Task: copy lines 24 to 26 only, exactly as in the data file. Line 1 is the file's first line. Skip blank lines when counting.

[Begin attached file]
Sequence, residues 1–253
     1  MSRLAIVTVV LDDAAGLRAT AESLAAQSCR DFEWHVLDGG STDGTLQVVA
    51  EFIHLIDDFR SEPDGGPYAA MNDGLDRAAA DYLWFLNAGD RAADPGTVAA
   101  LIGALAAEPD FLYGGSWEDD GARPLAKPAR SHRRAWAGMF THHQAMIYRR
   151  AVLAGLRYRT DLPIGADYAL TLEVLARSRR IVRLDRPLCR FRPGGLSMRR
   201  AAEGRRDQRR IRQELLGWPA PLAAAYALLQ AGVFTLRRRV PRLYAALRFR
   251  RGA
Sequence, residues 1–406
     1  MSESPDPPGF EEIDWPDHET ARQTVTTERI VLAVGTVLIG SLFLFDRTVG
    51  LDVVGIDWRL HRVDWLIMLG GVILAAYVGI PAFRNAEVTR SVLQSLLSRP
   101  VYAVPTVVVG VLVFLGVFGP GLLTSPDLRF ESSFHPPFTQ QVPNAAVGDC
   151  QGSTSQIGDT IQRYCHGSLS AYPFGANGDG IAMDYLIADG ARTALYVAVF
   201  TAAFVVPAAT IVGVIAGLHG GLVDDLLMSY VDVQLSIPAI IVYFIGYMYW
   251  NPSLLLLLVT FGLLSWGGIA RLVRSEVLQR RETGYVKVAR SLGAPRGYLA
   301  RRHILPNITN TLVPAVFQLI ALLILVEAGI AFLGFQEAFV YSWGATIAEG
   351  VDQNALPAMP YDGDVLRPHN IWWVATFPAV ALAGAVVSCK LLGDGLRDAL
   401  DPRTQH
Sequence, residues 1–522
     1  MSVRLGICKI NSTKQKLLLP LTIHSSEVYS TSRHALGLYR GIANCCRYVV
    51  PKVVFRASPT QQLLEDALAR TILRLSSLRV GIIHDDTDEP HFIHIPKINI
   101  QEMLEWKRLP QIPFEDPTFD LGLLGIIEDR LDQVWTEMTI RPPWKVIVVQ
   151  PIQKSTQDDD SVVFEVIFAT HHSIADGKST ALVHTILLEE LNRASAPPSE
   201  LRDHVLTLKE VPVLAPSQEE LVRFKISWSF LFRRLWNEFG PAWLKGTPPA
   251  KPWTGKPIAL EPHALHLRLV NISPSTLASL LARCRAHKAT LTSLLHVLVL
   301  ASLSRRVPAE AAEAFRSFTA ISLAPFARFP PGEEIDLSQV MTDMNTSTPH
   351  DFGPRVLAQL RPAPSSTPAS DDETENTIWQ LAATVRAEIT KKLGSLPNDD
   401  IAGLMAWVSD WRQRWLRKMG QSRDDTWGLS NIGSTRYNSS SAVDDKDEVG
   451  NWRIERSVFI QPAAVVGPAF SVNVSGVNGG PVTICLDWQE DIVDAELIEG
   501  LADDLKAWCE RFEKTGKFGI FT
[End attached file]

   251  KPWTGKPIAL EPHALHLRLV NISPSTLASL LARCRAHKAT LTSLLHVLVL
   301  ASLSRRVPAE AAEAFRSFTA ISLAPFARFP PGEEIDLSQV MTDMNTSTPH
   351  DFGPRVLAQL RPAPSSTPAS DDETENTIWQ LAATVRAEIT KKLGSLPNDD